We appreciate all the authors for their contributions to this Special Issue. Their dedication to elucidating the underlying pathophysiology for long-term consequences of pediatric viral infections is apparent. Together, we will continue to characterize, diagnose and improve the outcomes of the long-term consequences of pediatric viral infections.


Funding: K08 AI139341 (Emma L. Mohr); R01 AAH9849 (Emma L. Mohr and Karla Ausderau) and K08 AI163380 (Regina K. Rowe).

Conflicts of Interest

The authors declare no conflict of interest.


  1. Patel, R.T.; Gallamoza, B.M.; Kulkarni, P.; Sherer, M.L.; Haas, N.A.; Lemanski, E.; Malik, I.; Hekmatyar, K.; Parcells, M.S.; Schwarz, J.M. An Examination of the Long-Term Neurodevelopmental Impact of Prenatal Zika Virus Infection in a Rat Model Using a High Resolution, Longitudinal MRI Approach. Viruses 2021, 13, 1123. [Google Scholar] [CrossRef] [PubMed]
  2. Ausderau, K.; Kabakov, S.; Razo, E.; Mitzey, A.M.; Bach, K.M.; Crooks, C.M.; Dulaney, N.; Keding, L.; Salas-Quinchucua, C.; Medina-Magües, L.G.; et al. Neonatal Development in Prenatally Zika Virus-Exposed Infant Macaques with Dengue Immunity. Viruses 2021, 13, 1878. [Google Scholar] [CrossRef] [PubMed]
  3. Sobral da Silva, P.F.; Eickmann, S.H.; de Ximenes, R.A.A.; Martelli, C.M.T.; Brickley, E.B.; Lima, M.C.; Montarroyos, U.R.; Carvalho, M.D.C.G.D.; Rodrigues, L.C.; Araújo, T.V.B.D.; et al. Neurodevelopment in Children Exposed to Zika Virus: What Are the Consequences for Children Who Do Not Present with Microcephaly at Birth? Viruses 2021, 13, 1427. [Google Scholar] [CrossRef] [PubMed]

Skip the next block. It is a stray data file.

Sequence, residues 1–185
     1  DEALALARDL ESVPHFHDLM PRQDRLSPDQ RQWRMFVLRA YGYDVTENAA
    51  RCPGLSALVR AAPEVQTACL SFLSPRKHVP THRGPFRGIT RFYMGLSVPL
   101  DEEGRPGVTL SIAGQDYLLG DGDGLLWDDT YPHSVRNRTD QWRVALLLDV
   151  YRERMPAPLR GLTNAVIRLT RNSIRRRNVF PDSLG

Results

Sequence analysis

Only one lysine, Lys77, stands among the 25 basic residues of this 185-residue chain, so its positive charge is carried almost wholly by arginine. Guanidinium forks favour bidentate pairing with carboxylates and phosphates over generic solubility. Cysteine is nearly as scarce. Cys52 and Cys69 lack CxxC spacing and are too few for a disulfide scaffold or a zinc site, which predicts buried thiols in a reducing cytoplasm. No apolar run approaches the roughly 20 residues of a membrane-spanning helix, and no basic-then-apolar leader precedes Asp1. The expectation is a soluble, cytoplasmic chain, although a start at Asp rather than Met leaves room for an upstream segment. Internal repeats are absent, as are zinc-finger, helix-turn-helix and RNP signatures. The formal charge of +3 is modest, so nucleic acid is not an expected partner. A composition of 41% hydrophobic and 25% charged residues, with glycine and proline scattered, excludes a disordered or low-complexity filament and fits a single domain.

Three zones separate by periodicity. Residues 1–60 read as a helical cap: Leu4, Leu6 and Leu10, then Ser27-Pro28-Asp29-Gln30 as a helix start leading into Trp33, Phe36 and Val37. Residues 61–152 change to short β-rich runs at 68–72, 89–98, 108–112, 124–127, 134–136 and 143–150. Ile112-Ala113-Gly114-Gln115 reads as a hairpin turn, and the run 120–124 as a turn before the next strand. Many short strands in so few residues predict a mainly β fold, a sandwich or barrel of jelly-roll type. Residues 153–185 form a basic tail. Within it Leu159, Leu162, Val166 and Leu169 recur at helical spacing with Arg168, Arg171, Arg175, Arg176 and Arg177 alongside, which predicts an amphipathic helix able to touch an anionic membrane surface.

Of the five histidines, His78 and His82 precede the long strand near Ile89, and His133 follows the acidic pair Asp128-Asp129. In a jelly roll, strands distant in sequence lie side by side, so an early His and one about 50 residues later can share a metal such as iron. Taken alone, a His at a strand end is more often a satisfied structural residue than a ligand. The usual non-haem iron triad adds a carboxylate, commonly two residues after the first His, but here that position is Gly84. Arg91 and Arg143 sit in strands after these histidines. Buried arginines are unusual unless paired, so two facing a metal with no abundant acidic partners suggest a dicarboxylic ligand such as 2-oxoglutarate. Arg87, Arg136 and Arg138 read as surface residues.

4. Hernandez-Alvarado, N.; Shanley, R.; Schleiss, M.R.; Ericksen, J.; Wassenaar, J.; Webo, L.; Bodin, K.; Parsons, K.; Osterholm, E.A. Clinical, Virologic and Immunologic Correlates of Breast Milk Acquired Cytomegalovirus (CMV) Infections in Very Low Birth Weight (VLBW) Infants in a Newborn Intensive Care Unit (NICU) Setting. Viruses 2021, 13, 1897. [Google Scholar] [CrossRef] [PubMed]
  5. Dassi, L.; Annunziata, C.; Botti, C.; Micillo, A.; Cerasuolo, A.; Starita, N.; Buonaguro, F.M.; Tornesello, M.L. Detection of Human Papillomaviruses in the Nasopharynx of Breastfed Infants: New Findings and Meta-Analysis. Viruses 2020, 12, 1119. [Google Scholar] [CrossRef] [PubMed]
  6. Kainth, M.K.; Fishbein, J.S.; Aydillo, T.; Escalera, A.; Odusanya, R.; Grammatikopoulos, K.; Scotto, T.; Sethna, C.B.; García-Sastre, A.; Deutschman, C.S. Obesity and Metabolic Dysregulation in Children Provide Protective Influenza Vaccine Responses. Viruses 2022, 14, 124. [Google Scholar] [CrossRef] [PubMed]
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MDPI and ACS Style

Rowe, R.K.; Mohr, E.L. Special Issue “Pediatric Viral Infection Long-Term Consequences”. Viruses 2022, 14, 343.

AMA Style

Rowe RK, Mohr EL. Special Issue “Pediatric Viral Infection Long-Term Consequences”. Viruses. 2022; 14(2):343.

Chicago/Turabian Style

Rowe, Regina K., and Emma L. Mohr. 2022. "Special Issue “Pediatric Viral Infection Long-Term Consequences”" Viruses 14, no. 2: 343.